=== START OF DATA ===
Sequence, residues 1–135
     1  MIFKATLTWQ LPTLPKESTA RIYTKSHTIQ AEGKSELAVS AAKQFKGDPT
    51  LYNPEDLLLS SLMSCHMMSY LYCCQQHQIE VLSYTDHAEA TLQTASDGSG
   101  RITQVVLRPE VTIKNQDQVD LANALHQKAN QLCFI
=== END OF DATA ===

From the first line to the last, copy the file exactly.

Sequence, residues 1–135
     1  MIFKATLTWQ LPTLPKESTA RIYTKSHTIQ AEGKSELAVS AAKQFKGDPT
    51  LYNPEDLLLS SLMSCHMMSY LYCCQQHQIE VLSYTDHAEA TLQTASDGSG
   101  RITQVVLRPE VTIKNQDQVD LANALHQKAN QLCFI